Well, it’s another year without a successful Northern Flicker brood so I’ve turned off the nest cam stream. I’m not sure what went wrong. As I posted, the Northern Flicker pair laid their first egg on June 13th. A mid-June nest attempt is late, but from what I’ve read, flickers will nest anytime between March and June.
At first, things seemed to be going well. The female flicker did skip a day laying after the first egg, which can happen when there’s bad weather (usually if it’s cold and/or rainy/snowy, which wasn’t the case here), but then she reliably laid another 3 eggs over the next 3 mornings. Below is a video of her laying the second egg. The interesting thing with this female is that it was so obvious when she was laying her eggs. With the successful pair from 2016, I could only tell an egg had been laid when she got up off of them.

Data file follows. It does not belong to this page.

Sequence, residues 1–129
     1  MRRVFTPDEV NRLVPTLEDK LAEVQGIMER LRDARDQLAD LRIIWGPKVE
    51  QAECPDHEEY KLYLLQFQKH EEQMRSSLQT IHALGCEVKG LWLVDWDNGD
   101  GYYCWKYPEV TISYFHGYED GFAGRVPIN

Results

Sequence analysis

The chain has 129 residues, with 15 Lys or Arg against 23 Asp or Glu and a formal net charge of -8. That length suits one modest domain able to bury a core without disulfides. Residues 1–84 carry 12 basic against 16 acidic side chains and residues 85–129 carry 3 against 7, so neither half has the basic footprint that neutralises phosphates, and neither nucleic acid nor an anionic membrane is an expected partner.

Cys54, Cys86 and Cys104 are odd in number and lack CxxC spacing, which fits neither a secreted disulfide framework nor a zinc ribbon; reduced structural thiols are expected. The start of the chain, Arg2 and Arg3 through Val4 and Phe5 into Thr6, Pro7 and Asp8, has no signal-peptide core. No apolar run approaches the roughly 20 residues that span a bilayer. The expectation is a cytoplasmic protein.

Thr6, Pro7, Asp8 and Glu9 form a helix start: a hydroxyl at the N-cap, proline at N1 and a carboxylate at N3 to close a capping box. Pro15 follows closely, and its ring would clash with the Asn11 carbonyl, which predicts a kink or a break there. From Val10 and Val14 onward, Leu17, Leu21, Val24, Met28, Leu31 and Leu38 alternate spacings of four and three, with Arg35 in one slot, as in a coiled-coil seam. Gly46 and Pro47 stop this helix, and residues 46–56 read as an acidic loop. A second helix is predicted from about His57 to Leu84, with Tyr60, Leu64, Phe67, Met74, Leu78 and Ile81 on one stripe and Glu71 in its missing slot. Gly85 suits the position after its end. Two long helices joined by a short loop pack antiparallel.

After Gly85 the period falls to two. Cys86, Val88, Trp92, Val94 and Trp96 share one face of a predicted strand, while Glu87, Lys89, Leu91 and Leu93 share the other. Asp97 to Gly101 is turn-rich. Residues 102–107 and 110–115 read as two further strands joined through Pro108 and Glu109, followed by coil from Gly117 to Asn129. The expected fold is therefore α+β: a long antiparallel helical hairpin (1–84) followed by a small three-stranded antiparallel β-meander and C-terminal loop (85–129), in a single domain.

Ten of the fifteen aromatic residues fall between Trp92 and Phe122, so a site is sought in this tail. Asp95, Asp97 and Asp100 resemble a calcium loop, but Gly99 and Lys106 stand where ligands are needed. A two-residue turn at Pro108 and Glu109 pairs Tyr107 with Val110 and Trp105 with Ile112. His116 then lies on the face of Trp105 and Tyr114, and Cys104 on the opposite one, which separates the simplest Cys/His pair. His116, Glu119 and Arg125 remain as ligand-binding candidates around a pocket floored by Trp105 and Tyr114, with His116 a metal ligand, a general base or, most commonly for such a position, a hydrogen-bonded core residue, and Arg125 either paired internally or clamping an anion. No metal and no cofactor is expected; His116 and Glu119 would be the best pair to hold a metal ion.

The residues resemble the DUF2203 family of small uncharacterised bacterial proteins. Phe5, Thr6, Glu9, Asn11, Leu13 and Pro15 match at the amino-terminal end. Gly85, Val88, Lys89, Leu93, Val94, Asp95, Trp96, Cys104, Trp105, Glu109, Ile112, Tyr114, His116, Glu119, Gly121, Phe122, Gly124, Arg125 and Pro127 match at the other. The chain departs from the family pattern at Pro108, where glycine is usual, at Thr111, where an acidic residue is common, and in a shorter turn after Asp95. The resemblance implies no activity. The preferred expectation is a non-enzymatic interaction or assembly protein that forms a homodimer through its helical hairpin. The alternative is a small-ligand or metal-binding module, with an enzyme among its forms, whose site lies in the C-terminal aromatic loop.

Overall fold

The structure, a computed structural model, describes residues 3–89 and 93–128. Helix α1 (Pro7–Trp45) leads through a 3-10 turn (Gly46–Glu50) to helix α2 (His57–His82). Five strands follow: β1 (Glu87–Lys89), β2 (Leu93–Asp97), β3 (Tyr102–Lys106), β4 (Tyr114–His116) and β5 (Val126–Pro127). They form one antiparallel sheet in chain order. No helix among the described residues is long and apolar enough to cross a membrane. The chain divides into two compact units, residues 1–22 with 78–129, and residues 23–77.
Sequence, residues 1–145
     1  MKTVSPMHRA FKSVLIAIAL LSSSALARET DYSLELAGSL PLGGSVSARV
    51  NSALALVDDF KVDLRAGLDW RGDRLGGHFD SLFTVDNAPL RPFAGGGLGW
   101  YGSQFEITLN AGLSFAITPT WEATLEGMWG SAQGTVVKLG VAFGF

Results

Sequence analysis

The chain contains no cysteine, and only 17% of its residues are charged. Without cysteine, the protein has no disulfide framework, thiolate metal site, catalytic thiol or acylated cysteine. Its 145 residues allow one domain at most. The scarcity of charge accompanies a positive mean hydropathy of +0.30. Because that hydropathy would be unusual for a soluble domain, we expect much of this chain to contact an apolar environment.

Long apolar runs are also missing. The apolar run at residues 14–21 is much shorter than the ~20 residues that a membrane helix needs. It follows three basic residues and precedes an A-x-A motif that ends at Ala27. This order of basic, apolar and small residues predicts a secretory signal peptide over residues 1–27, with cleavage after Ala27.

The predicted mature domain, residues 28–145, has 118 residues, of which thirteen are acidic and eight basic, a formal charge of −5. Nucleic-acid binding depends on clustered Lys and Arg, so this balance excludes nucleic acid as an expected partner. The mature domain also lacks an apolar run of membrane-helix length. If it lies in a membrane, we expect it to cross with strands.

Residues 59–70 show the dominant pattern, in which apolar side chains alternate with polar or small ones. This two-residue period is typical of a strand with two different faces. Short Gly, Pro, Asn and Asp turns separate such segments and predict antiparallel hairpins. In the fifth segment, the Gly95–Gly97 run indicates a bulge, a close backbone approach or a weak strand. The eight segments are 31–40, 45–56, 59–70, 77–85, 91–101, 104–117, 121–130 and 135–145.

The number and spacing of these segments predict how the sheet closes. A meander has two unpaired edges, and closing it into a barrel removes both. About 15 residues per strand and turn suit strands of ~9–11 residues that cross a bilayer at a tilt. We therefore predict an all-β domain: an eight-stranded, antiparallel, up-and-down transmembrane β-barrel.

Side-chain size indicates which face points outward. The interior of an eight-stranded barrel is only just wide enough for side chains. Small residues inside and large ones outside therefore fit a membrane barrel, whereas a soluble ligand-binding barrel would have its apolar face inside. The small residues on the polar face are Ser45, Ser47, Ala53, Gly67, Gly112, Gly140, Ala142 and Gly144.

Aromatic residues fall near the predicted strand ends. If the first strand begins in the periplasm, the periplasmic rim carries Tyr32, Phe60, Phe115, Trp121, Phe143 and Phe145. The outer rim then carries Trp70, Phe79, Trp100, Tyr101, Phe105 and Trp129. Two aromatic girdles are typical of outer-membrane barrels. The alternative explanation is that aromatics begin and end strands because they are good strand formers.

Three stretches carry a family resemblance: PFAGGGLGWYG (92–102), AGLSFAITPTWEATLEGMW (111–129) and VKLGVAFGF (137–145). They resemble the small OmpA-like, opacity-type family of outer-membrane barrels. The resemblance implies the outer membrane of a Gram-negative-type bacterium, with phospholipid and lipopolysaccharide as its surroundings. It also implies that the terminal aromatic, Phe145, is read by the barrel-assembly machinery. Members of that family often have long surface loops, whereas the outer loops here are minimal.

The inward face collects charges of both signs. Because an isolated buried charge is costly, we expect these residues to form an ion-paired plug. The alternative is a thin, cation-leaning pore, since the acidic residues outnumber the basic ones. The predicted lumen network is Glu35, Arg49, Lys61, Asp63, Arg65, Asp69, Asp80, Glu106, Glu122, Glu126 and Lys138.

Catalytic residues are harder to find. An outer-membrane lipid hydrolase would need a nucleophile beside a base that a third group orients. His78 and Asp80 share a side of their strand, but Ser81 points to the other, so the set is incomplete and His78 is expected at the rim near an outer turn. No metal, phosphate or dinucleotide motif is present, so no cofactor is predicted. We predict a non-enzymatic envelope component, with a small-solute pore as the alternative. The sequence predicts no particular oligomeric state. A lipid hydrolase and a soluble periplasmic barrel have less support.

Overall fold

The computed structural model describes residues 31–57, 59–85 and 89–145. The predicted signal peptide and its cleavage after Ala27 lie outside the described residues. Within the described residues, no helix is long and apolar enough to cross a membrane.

Then, the same day the female laid her 4th egg, the male ended up crushing 3 of the 4 eggs. I don’t know if he did it on purpose or if he was just clumsy. He certainly seemed not to be taking too much care jumping into the box! But he was also very vigilant about keeping the eggs moving rather than sitting in one spot, which keeps them viable. After the eggs were destroyed, I saw him eat bits of the remaining shells. Birds sometimes eat their eggs if they have a vitamin deficiency. Is this a clue to what happened?
After the big mishap, the female laid a new second egg, but later that same day either she or the male destroyed that egg and the remaining egg. Here’s video of one of the flickers removing the final egg after the female leaves the box.
I have a couple of hypotheses about why the birds destroyed/removed the eggs, but nothing solid. Perhaps it was too late and too hot in the season for the eggs to be viable, which the birds recognized. Or maybe one or both of the birds were sick or too inexperienced to be fit parents. Whatever the reason, there are no new flicker babies this year.